The Resurgence Of McLaren
The last three years have seen the great McLaren team – winners of eight constructors and twelve driver’s championships in their 51-year history to date – languishing at the back, with the unreliable and under powered Honda engine. Double world champion Fernando Alonso has had no chance to show what he’s capable of and British champion Jenson Button departed at the end of the second year.
(Check out Grand Prix Driver on Amazon Prime to see how the beleaguered team fared during its final year with Honda.)
But McLaren now have Renault power, having somehow offloaded the woeful Honda power unit onto Red Bull’s junior team Torro Rosso. The Renault unit was the third (out of four) most powerful last year, but this year’s engine is expected to be a step forward.
Will it be enough to give the genius of Alonso a chance to shine? Only time will tell.
The New Blood
There are a couple of new drivers on the grid for the new Formula 1 season.
Charles Leclerc hails from F1’s most glamourous location, Monaco. He’s part of the Ferrari young driver programme, so will race this year in the re-branded Alfa Romeo Sauber team. The Sauber team have been at the back of the grid for a few years, and while they will now have Ferrari’s newest engines, they’re likely to still be at the back. But Charles is something special. He blitzed the field in F1’s feeder series, F2, last year, so he’s worth keeping an eye on. If anyone can get an Alfa Romero Sauber into the points, it’s 20-year-old Charles Leclerc.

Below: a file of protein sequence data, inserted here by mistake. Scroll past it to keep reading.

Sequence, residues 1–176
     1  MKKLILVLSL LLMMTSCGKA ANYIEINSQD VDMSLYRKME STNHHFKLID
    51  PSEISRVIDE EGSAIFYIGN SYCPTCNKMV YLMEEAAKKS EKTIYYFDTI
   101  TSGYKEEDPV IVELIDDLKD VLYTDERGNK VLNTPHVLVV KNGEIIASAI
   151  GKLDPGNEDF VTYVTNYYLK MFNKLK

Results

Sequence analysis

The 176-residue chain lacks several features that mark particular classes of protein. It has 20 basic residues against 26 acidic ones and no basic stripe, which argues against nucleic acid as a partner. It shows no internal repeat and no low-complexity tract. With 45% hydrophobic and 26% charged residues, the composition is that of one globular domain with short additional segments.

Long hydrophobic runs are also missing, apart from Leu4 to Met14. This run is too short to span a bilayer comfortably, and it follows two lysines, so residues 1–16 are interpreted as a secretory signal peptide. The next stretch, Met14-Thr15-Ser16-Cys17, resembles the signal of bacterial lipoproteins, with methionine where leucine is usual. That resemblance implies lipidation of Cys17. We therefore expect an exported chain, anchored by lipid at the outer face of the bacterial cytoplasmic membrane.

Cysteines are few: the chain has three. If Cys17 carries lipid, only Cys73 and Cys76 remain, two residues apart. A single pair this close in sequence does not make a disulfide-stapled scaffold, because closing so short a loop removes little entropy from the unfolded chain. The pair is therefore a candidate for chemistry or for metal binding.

— Sauber F1 Team (@SauberF1Team) January 18, 2018
Sergey Sirotkin is a different prospect. The last championship won by the 22-year-old Russian was the Formula Arbarth European Series back in 2011. What Sirotkin does bring to the once-great Williams team is money. Given the merit of his results, should he be in this position? Not really, but he’s there and he might surprise everyone and perform brilliantly. If he doesn’t, no amount of money will save him. He has his chance and it’s up to him to make it count. Legendary team owner Frank Williams is not known for suffering fools, nor is deputy team manager, and Frank’s daughter, Claire for that matter.
Netflix has the superb Williams doc available if you want to learn more about the team that holds such a special place in many fans’ hearts.
Goodbye To Grid Girls
Much likes darts has ditched its “walk-on-girls”, Formula 1 is now doing away with “grid girls” in favour of “grid kids”. The kids in question will be picked from the local grassroots motorsport scene in whichever country the Grand Prix is taking place.